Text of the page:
PROKOFIEV: Sinfonia Concertante in E Minor; Cello Son. in C – Zuill Bailey, c./ North Carolina Sym. Orch. / Grant Llewelly/ Natasha Paremski, p. – Steinway & Sons

by | Jul 23, 2016 | Classical CD Reviews

PROKOFIEV: Sinfonia Concertante in E Minor, Op. 125; Cello Sonata in C Major, Op. 119 – Zuill Bailey, c./ North Carolina Sym. Orch./ Grant Llewelly/ Natasha Paremski, p. –  Steinway & Sons 30057, 61:56 (5/13/16) ****:

Tough-minded Prokofiev in the tradition of Rostropovich—and with the same sensitivity to the gentler side of this great Russian composer.

Toward the end of his greatly productive life, Prokofiev revisited some of his earlier works with which he wasn’t entirely happy. One of these pieces was the Fourth Symphony, Op. 47, written under commission from the Boston Symphony and premiered by that orchestra in 1930. The symphony was based on themes from Prokofiev’s ballet The Prodigal Son, composed for Sergei Diaghilev’s Ballets Russes. Critical reaction to the work was lukewarm at best. The consensus was that Prokofiev’s Fourth Symphony was much less successful in recycling music written for the stage than the composer’s Symphony No. 3, based on themes from his opera The Fiery Angel.

Prokofiev was so stung by the criticism that he defended his new symphony in the press—and that hurt and embarrassment stayed with him when he went back to Russia in the mid-1930s. In 1947, Prokofiev returned to the symphony, determined to turn it into a work that would finally register with the Russian public. And he was so convinced that he had transmogrified the earlier work into a wholly new, independent creation that he gave the revision a new opus number, Op. 112. Ironically, as it turns out, Prokofiev was both right and wrong about his reworking: critics seem to favor the earlier version, though the revision is far and away the favored version of conductors, as witness the numerous recordings of the later version.

Another work that underwent significant revision was Prokofiev’s Cello Concerto premiered in Moscow in 1938. Again, for a variety of reasons, including an unsympathetic reading by the cellist and orchestra, this was largely a bust. However, the work did have an occasional outing thereafter, including a performance by the young Mstislav Rostropovich in 1947, which the composer happened to attend. Prokofiev was so impressed that he vowed to improve on the original, of course with the young cellist in mind. In the meantime, Prokofiev managed to create a masterpiece specifically for Rostropovich, the Cello Sonata Op. 119 of 1949. The reworking of the Cello Concerto took a bit longer, but finally Prokofiev’s Sinfonia Concertante (also known as Symphony-Concerto), dedicated to Rostropovich, was premiered in 1952, a little more than a year before the composer’s death.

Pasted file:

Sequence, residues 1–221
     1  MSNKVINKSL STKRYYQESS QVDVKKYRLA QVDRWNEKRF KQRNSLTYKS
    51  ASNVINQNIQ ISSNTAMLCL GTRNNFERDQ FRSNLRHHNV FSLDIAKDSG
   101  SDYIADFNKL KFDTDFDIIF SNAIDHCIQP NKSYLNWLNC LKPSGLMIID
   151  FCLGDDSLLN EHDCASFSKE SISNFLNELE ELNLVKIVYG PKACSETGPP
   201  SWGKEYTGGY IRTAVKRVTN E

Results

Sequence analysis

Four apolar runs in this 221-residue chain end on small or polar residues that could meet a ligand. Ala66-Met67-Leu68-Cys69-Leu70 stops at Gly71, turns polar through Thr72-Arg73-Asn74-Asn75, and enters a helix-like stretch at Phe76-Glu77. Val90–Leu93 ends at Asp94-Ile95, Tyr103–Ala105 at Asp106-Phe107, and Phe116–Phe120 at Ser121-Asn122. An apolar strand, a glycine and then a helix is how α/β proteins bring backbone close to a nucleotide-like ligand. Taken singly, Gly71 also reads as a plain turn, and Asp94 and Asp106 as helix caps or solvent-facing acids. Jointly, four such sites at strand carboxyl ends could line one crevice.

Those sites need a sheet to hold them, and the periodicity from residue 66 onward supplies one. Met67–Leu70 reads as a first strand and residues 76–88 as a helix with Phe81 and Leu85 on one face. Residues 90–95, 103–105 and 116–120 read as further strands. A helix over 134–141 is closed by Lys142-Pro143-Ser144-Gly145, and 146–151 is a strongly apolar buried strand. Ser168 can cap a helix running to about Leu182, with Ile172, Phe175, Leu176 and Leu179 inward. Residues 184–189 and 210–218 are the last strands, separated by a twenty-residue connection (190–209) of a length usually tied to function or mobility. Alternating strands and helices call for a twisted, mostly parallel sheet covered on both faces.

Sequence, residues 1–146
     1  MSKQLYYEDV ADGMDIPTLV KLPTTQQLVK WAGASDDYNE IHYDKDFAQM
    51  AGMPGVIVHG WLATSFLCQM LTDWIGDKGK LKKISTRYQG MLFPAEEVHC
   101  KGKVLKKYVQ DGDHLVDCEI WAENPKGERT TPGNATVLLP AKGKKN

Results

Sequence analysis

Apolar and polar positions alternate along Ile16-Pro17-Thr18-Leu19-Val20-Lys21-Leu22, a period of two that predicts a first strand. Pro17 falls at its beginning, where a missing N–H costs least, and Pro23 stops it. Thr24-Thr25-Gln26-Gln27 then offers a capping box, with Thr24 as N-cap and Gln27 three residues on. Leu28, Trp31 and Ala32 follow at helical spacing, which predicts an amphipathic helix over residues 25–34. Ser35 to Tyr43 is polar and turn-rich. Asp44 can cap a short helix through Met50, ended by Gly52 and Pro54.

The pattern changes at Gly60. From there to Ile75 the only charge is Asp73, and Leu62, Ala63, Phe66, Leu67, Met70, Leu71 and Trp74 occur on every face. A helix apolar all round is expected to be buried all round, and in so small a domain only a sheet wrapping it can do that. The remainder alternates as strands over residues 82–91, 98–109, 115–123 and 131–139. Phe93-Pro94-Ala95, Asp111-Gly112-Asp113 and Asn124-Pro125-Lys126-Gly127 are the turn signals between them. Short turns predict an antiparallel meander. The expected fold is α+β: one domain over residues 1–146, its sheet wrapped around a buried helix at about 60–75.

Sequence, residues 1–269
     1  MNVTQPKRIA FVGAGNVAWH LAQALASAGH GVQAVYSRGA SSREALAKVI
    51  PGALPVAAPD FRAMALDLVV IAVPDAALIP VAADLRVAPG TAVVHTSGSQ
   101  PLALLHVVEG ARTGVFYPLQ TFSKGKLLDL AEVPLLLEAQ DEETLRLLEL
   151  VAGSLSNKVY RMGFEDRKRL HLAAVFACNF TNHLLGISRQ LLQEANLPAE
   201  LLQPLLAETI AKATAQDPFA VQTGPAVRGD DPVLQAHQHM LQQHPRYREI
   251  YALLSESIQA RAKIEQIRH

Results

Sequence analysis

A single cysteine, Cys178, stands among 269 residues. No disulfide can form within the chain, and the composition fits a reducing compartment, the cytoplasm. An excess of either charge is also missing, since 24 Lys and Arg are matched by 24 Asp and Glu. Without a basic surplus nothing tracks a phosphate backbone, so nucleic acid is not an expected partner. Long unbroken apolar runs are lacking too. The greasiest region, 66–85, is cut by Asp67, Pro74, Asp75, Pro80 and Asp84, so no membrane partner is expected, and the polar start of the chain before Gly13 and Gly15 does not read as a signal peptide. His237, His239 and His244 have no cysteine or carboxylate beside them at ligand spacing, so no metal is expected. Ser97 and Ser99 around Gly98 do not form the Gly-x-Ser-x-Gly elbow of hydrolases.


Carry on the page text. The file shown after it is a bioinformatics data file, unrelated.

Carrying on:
Unlike the reworking of the Symphony No. Four, the composition, or recomposition, of the Sinfonia Concertante came in the wake of the Soviet Politburo’s 1948 condemnation of Prokofiev and Shostakovich (and more surprisingly, Khachaturian and Miaskovsky) for their alleged abandonment of the tenets of Social Realism. At this point Prokofiev was a sick man, suffering from the results of a concussion caused by a fall associated with his chronic hypertension. His doctors ordered that he restrict his compositional activities to an hour a day(!), and so Prokofiev dedicated his time to working on the Sinfonia Concertante.

It is certainly a different work from the Cello Concerto premiered in 1938, though scholars are divided about whether it is simply an expanded version of the earlier piece or an entirely new animal, as Prokofiev supposed the reworking of his Fourth Symphony to be. Thanks to the efforts of Steven Isserlis, who has recorded the work

twice to my knowledge, interested listeners can judge for themselves. As for me, I think the reworked piece is different enough, and improved enough, to warrant the new opus number—and then some.

Yet it’s still not as easy to live with as Prokofiev’s greatest concertos, the two Violin Concertos and the Second and Third Piano Concertos. There’s something odd about the Sinfonia’s layout or rhetoric—or both. For one thing, I suppose the title Sinfonia Concertante (or, even more tellingly, Symphony-Concerto) indicates Prokofiev’s desire to expand his concerto into the realm of a concerto for orchestra-cum-cello concerto. And it does seem to have ambitions and scope beyond Prokofiev’s other string concerti. The work starts with two longish sonata-form movements, the first a slow movement (Andante), the second a frenetic, scherzo-like movement with a long, double stop–heavy cadenza.